An Introduction to the Stop Sexual Harassment in NYC Act

The last two years have seen a rash of politicians, entertainers, and business executives have to resign their position because of allegations of sexual harassment. In response to that, many governments and businesses are reemphasizing sexual harassment policies and passing tough new laws to crack down on the practice. The Stop Sexual Harassment in NYC Act is one such response; here is what you need to know.

It Works with the NY State Budget Act of 2018

Both bills were passed in conjunction with each other. One change is mandatory sexual harassment training in New York, whether you are a contractor or regular employee. The state passed this in its budget, and it’s aimed at addressing sexual harassment compliance training in the workplace across the board. NYC’s act built upon that and strengthened the laws in some places. Employers and employees have to be aware of the changes at both the state and local level to ensure compliance with the law.

NY State Law Changes

The state law has been changed to:

  • Prohibit nondisclosure clauses in settlements or agreements related to a sexual harassment claim unless the complainant wants confidentiality.
  • Prohibit mandatory arbitration for harassment claims.
  • Require the State Department of Labor and the Division of Human Rights to develop a model policy and sexual harassment prevention training program for addressing sexual harassment claims.
  • Mandate the distribution of anti-harassment policies and require annual training sessions for all employees.

The law applies to anyone associated with a contract, contract work, a business, or organization.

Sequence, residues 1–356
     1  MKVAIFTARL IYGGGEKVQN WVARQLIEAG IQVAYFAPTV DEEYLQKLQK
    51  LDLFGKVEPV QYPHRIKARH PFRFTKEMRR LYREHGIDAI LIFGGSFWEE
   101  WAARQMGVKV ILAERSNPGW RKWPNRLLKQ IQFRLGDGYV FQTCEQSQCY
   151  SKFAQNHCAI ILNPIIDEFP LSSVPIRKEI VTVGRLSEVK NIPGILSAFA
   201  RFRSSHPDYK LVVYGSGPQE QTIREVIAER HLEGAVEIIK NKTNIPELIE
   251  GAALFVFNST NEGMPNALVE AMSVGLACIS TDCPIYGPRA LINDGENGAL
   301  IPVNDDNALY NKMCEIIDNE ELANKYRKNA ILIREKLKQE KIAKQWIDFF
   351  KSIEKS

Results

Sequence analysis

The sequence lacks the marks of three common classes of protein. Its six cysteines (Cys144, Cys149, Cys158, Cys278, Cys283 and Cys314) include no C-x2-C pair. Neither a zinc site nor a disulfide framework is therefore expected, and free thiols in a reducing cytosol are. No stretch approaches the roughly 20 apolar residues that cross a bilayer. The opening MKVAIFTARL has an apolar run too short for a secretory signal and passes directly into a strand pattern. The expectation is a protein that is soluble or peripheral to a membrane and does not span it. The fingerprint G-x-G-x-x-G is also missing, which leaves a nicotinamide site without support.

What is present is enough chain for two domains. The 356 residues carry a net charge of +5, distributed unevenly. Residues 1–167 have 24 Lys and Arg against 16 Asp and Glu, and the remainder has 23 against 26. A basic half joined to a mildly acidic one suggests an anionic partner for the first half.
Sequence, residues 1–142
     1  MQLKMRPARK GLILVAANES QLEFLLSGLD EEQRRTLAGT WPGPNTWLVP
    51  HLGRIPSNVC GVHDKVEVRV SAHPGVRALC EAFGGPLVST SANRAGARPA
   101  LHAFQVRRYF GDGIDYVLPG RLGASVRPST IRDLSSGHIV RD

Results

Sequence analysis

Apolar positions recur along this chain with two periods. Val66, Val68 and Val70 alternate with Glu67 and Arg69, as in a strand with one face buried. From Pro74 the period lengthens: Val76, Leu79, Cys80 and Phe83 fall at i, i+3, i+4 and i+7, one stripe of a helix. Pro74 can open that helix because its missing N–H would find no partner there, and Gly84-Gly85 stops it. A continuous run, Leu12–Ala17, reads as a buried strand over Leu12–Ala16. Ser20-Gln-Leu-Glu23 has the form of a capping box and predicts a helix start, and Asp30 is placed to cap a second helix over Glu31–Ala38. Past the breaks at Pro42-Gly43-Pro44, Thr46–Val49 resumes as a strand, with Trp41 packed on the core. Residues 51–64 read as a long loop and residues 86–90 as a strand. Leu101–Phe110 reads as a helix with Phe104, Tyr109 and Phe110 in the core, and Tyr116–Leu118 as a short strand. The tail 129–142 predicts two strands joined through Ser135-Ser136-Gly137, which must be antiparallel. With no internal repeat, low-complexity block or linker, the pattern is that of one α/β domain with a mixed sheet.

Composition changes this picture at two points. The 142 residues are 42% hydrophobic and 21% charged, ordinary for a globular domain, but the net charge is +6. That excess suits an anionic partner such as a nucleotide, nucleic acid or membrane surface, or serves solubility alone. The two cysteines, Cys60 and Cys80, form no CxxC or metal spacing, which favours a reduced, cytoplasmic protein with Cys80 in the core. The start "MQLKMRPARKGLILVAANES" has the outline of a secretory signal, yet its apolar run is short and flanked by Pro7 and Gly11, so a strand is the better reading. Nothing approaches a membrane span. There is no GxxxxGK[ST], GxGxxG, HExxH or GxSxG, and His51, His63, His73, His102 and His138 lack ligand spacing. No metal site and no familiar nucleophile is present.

City Law Changes: Mandatory Training

The new city law mandates that employers with 15 or more employees, including interns, conduct annual anti-sexual harassment training. All employees, including supervisors and managers must complete the training. The new training curriculum must cover sexual harassment examples; bystander intervention education; and complaint processes internally and at the city, state, and federal level.

Online Training

Training doesn’t have to be live or conducted by an in-person instructor but must be interactive. This means online harassment training is permissible. It is to occur on an annual basis for all existing employees and any new employees who work more than 80 hours per year on a full- or part-time basis. New employees must be trained within 90 days of the hiring date. Training is transferable from employer to employer within a training cycle. In addition, the City Commission on Human Rights will have to create and make public an online sexual harassment training module for employers to use.

Public Notice of Rights and Responsibilities

The new law requires employers to conspicuously display anti-sexual harassment rights and responsibilities posters as well as distribute an information sheet to new hires. The law also mandates the commission post information regarding sexual harassment on its website.

Anti-Discrimination Protection

Employees can make a gender-based harassment claim regardless of employer size and the statute of limitations for filing a complaint is changed from one to three years after the alleged harassment.

City Contractors Affected

City contractors now fall under anti-sexual harassment laws, including a public statement of their “practices, policies, and procedures relating to preventing and addressing sexual harassment.” Contractors also would have to comply with training requirements for employees, supervisors, and managers.

The new law is designed to mirror and build upon the law the state has passed. The goal of both is to train employees in sexual harassment laws and to make the workplace friendlier to those making allegations while protecting the rights of the accused. For more information on the Stop Sexual Harassment in NYC Act, and for training options, please visit Impact Compliance Training.